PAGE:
What Are the Insurance Consequences of Major and Minor Traffic Tickets?

There are multiple levels of traffic violations in Canada, and the severity of the charge can make a big difference to your auto insurance premium. Minor violations usually carry a fine, while major offences also have legal implications.

How minor traffic offences impact car insurance rates

These are the most common traffic violations, which have the lowest impact — both legally and on insurance rates. That’s not to say they can’t do some damage to your bank account, though.

Minor infractions are “chargeable” on your insurance, which means the insurance provider can apply a surcharge to your premium for three years from the date you are convicted, not from the date you received the ticket. Some come with a hefty fine as well.

Minor traffic infractions include:

  • Speeding (unless over a certain amount, typically 50 km/h, and then it becomes major)
  • Running red lights or stop signs
  • Failure to obey traffic signs
  • Tailgating

Minor offences differ in how they will affect your insurance. It’s best to contact your agent or broker after getting a ticket to find out what to expect on your premium.

In most cases, your premium won’t be impacted until your policy’s renewal date, so calling to find out the impact won’t make any difference on how or when they charge you. But it can prepare you for the increase.

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Some of the offences unlikely to affect your insurance rate are parking violations and things like broken taillights, which are not usually considered moving violations (i.e., offences committed by the driver while the vehicle is in motion) and thus not really of concern to the insurance company.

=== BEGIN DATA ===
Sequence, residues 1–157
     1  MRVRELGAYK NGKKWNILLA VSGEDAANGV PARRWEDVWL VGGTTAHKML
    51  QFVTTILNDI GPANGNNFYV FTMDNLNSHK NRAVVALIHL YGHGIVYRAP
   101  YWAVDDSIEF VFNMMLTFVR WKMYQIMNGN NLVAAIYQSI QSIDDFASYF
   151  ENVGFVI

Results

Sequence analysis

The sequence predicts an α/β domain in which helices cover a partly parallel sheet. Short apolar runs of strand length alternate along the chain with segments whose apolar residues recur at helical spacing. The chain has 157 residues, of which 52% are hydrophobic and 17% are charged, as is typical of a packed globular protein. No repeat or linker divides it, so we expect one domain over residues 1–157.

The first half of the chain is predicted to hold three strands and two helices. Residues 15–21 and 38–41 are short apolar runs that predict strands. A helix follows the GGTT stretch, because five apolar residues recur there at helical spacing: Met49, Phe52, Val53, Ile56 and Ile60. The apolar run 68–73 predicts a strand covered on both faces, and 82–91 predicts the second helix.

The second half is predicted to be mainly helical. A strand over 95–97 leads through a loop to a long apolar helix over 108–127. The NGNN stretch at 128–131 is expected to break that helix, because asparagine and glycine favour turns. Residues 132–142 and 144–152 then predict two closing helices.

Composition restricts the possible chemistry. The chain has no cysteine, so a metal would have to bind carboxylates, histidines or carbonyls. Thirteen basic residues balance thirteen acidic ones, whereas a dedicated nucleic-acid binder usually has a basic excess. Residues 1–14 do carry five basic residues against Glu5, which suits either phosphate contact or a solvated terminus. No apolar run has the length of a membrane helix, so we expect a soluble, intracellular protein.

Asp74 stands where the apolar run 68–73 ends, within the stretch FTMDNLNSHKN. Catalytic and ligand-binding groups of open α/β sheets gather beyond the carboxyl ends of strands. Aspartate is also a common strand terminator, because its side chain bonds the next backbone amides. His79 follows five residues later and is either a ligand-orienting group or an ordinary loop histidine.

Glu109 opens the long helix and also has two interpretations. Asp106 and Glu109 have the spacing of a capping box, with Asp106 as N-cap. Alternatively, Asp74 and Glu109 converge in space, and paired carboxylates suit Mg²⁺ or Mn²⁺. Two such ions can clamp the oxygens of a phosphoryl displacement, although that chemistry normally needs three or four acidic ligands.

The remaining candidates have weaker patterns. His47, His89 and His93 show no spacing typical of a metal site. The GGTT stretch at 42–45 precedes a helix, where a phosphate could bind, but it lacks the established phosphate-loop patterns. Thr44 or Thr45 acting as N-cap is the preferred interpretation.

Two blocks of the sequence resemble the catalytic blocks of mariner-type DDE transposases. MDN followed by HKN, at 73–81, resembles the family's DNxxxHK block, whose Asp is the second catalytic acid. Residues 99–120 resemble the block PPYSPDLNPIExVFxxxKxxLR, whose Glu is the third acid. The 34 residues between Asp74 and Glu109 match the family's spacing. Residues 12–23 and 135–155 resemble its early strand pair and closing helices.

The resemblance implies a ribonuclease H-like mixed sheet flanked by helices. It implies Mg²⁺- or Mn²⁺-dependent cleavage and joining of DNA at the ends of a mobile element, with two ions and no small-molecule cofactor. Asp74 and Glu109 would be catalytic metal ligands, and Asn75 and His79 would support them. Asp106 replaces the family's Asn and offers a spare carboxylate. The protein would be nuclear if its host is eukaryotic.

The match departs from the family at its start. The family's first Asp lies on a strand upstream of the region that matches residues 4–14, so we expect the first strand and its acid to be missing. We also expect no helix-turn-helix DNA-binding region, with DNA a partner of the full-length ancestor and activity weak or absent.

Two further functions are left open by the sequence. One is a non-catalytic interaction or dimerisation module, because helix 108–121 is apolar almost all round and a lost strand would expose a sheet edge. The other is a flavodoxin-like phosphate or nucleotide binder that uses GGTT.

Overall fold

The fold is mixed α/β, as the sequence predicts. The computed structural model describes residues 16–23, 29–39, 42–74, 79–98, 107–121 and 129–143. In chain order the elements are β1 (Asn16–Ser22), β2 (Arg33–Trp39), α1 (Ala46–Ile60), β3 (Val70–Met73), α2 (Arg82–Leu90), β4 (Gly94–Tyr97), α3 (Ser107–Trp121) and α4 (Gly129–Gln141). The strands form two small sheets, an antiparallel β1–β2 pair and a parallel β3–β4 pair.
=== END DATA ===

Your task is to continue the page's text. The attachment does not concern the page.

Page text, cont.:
How major traffic offences impact car insurance rates

Major offences are more serious, often resulting from high-risk driving behaviour that could seriously injure someone.

Major traffic offences include:

  • Speeding in excess of a certain amount (usually 50 km/h, but this varies by province)
  • Speeding in a school zone
  • Passing a school bus
  • Driving while uninsured

Driving without valid insurance puts you in a position where you may not be able to cover your financial obligations to another party in an at-fault collision.

Insurance companies will look more seriously at this type of violation. It shows that you are at a higher risk of filing a claim, and they will charge you accordingly. After you have been caught driving without insurance, shopping around for coverage will make certain you see higher quotes.

A major offence stays on your record for the same amount of time as a minor one, as far as insurance is concerned. After three years you will not have to pay for it anymore. The cost of these offences is generally higher, though, so you will be paying more for it over those years.

Major offences can also have legal implications. You could face more significant fines, suspensions, and, in some cases, possible time in jail.

How to avoid auto insurance rate increases

Whether major or minor, most traffic violations will have an impact on your insurance rate. The best way to avoid any increase to your insurance premium is to drive safely.